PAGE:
All in all, the Mayor and his circle cannot be trusted with managing the city and its finances. I urge you to step forward to oppose his agenda, and lead Council to a more responsible and effective process, both for this year's budget, and in the long-term.

Yours sincerely,

Adam Rawlings

Friday, September 09, 2011

On the Ontario Liberal platform.

I had planned to go point-by-point through the OLP's platform, like I did the OPC and ONDP. But, well -- the platform really wasn't worth the wait.

Here's the Cliff Notes version:

  1. Harris was awful -- never named, just "previous PC governments", which is an odd choice, given Hudak's close ties to Harris.
  2. Rae was the same -- never named, just "previous NDP government", which is probably a smart choice, given the party Rae is now associated with.
  3. The PC and NDP platforms are sucky.
  4. The McGuinty government has done everything right. ("eHealth?" Never heard of it.)
  5. Vote Liberal, and we'll keep doing everything right

That's seriously about it. There are scattered promises here and there -- all-day two-way GO trains in and out of Toronto, for example -- but they aren't costed, they aren't funded, and nowhere is it explained why these wonderful things haven't been done in 8 years of Liberal government. (Not to mention all the things that are claimed as accomplishments that don't actually exist yet -- sticking with transit, how 'bout the Eglinton-Scarborough crosstown?)

So, that's what the choice comes down to:
  • A selection of parties that don't have a hope in hell of getting an MPP, and don't have any serious plans I include the Greens here -- get it together, guys, you've been in government in Europe.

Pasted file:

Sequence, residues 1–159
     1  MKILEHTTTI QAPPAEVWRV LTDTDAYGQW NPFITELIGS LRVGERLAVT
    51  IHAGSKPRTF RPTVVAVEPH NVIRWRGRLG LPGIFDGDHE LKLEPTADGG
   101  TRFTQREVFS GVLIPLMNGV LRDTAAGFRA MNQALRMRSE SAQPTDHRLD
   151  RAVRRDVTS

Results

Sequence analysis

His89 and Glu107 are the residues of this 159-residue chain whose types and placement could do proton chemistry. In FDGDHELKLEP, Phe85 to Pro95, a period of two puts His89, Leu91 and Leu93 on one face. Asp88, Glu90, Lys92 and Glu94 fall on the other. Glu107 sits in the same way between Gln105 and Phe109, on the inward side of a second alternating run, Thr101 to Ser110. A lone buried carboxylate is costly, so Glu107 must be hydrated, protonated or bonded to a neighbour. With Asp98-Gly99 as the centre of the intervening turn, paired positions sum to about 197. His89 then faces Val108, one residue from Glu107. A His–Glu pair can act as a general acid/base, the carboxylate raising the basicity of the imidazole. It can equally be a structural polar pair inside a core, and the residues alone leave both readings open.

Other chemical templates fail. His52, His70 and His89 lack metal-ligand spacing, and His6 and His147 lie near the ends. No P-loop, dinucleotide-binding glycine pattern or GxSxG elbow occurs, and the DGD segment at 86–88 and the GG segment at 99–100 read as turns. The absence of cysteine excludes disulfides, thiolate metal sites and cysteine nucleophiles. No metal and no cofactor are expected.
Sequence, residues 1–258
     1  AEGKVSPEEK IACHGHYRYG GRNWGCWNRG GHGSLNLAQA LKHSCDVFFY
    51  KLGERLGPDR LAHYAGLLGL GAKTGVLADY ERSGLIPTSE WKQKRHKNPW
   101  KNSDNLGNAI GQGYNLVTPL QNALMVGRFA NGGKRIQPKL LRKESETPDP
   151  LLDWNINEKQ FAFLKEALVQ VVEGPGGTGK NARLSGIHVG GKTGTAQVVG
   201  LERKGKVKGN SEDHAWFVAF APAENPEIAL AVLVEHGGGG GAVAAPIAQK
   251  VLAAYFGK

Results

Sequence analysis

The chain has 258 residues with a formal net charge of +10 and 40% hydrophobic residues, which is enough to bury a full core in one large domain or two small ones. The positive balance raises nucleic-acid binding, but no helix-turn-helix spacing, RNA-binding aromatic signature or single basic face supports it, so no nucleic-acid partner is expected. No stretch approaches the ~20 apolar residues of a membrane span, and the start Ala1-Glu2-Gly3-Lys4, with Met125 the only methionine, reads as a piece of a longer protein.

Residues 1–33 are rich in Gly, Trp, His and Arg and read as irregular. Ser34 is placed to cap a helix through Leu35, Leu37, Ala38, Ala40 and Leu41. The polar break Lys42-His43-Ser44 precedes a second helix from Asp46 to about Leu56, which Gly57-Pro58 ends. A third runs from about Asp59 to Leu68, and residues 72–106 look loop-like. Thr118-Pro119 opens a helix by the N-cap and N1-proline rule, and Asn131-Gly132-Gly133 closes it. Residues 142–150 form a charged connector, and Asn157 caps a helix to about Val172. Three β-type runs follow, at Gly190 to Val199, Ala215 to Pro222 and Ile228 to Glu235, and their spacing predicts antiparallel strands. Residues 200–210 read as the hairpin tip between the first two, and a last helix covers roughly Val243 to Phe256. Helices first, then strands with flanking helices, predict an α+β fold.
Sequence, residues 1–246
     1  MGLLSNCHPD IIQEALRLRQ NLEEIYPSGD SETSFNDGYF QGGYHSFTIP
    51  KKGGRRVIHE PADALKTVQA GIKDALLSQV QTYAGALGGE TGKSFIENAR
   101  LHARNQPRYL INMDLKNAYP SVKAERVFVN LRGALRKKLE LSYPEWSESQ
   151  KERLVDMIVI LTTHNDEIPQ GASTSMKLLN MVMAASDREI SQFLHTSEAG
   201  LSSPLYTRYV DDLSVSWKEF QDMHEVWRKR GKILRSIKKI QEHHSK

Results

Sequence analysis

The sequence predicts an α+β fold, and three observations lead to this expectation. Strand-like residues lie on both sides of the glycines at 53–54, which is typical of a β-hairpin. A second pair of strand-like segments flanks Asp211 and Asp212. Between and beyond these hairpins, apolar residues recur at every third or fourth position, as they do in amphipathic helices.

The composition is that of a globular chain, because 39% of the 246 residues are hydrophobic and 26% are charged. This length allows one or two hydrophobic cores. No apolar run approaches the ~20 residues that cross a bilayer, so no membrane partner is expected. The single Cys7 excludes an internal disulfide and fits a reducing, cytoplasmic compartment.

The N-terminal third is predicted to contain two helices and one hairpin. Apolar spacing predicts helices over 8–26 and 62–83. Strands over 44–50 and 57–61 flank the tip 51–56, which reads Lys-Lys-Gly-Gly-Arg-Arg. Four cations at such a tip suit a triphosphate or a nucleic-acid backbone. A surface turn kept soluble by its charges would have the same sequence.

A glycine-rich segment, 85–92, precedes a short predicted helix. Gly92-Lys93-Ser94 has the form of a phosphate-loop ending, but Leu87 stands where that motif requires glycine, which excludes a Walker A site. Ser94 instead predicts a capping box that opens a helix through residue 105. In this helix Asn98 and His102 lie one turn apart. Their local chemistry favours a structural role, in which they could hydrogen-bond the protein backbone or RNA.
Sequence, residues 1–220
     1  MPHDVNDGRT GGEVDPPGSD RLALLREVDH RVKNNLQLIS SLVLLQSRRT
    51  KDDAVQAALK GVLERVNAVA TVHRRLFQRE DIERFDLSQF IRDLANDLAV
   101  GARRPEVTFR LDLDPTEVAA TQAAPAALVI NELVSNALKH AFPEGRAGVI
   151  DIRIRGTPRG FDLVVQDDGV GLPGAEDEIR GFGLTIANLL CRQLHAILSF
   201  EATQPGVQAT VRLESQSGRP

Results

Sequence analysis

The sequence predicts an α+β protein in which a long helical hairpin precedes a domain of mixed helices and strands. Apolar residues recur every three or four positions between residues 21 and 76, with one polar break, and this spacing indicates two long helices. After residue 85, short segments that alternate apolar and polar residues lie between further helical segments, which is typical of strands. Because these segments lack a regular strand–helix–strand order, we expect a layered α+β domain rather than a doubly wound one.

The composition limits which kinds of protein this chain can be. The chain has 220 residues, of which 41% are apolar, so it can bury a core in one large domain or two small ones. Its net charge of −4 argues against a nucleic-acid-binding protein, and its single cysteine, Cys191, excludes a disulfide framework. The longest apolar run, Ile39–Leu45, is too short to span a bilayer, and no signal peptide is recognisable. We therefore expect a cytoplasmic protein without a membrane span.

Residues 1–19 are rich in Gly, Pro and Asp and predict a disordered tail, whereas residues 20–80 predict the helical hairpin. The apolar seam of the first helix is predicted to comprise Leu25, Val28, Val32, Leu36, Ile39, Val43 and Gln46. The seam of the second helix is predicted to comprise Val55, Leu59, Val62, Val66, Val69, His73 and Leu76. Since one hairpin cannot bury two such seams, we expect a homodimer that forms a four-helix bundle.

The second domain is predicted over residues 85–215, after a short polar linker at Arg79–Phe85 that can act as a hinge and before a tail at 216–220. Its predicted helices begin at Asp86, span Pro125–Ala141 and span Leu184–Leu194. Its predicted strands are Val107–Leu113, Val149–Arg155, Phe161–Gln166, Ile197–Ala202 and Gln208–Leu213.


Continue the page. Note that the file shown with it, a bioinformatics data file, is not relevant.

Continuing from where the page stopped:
• An NDP that's led, again, by a closet Liberal. Apparently, we didn't learn the lesson of Bob Rae. I see zero evidence that Horwath believes in any of the traditional (labour) or modern (environment, education) principles of the NDP. Some policies are okay (transit), but only because the alternatives are so terrible.
  • A PC party that's not as right-wing as Harper's Conservatives, but, given the responsibilities of provincial governments, capable of doing substantially more damage. Seriously, if Hudak gets a majority, he'll take us back to Harris and then some. Hope PC voters enjoy general strikes.
  • A Liberal party that has, over 8 years, proven it has no real ability to improve Ontario's basic institutions. The best it can promise is to continue to stop them from collapsing too quickly.

I don't know about anyone else, but I'm certainly inspired. Anyone want to form an Ontario chapter of the Rhino Party?

(I'll try to get something up next week or so on the NDP federal leadership race, which might be more cheerful than the dismal state of Ontario politics. I'm actively looking for full-time work, though, and that eats up time.)